New Mexico Legislation
|Contributed by Maria Gonzalez
Who found it online in the SF Chronicle
|In its 1995 session, the New Mexico legislature pondered and
passed a bill that set limits on the testimony of psychologists
in court. Senate bill 459, written by Richard Romero, included
the following language, quoted in the newsletter Dispatches:
"When a psychologist or psychiatrist testifies during a defendant's competency hearing, the psychologist or psychiatrist shall wear a cone-shaped hat that is not less than two feet tall. The surface of the hat shall be imprinted with stars and lightning bolts.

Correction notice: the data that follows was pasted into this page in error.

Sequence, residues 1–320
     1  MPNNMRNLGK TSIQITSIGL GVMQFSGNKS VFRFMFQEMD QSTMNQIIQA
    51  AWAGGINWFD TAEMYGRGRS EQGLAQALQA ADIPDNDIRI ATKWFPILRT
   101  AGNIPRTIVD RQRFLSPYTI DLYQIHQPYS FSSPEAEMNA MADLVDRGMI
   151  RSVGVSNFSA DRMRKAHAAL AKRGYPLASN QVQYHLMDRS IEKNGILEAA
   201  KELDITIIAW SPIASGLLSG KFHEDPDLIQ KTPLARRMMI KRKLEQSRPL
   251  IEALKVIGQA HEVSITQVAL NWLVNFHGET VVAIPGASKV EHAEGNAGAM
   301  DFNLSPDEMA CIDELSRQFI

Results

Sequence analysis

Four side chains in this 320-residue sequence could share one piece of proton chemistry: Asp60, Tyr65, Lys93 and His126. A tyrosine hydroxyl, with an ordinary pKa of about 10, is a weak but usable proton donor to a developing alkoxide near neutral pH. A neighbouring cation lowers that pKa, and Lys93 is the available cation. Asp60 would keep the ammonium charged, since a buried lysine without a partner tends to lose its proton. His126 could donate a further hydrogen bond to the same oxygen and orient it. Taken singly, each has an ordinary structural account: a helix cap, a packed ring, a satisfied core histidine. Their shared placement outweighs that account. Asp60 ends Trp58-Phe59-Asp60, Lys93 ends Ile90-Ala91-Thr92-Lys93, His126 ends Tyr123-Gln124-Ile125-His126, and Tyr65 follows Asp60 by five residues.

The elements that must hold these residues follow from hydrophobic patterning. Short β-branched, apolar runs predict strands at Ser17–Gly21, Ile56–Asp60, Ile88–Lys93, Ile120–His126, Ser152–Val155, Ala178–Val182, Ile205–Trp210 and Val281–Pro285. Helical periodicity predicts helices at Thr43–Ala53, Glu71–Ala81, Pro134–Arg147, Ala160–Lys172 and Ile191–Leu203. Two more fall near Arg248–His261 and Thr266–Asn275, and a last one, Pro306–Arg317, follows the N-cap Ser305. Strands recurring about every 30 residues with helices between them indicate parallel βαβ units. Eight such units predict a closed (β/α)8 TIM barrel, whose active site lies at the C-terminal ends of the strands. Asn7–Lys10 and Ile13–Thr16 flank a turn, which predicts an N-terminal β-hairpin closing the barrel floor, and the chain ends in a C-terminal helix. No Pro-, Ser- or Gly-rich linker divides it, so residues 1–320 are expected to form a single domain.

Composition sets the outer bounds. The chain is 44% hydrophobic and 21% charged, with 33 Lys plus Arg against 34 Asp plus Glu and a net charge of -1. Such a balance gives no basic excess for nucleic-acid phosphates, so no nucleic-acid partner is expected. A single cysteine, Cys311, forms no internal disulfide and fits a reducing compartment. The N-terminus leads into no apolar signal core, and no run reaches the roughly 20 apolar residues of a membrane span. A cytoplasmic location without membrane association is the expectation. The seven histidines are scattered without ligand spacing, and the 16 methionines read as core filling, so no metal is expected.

"Additionally, a psychologist or psychiatrist shall be required to don a white beard . . . and shall punctuate crucial elements of his testimony by stabbing the air with a wand." Before the expert's testimony about competency, the bill specified, "the bailiff shall contemporaneously dim the courtroom lights and administer two strikes to a Chinese gong."
Although the Senate passed the bill by a voice vote, and the House voted 46 to 14 to make it official, New Mexico Governor Gary Johnson vetoed it.